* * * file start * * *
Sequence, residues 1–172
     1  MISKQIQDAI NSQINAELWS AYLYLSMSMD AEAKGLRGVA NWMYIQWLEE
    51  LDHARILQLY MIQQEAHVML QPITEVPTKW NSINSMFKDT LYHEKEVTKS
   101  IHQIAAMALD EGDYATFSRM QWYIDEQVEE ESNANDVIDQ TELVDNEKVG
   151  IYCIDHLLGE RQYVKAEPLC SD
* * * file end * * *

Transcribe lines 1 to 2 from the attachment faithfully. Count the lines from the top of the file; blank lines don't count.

Sequence, residues 1–172
     1  MISKQIQDAI NSQINAELWS AYLYLSMSMD AEAKGLRGVA NWMYIQWLEE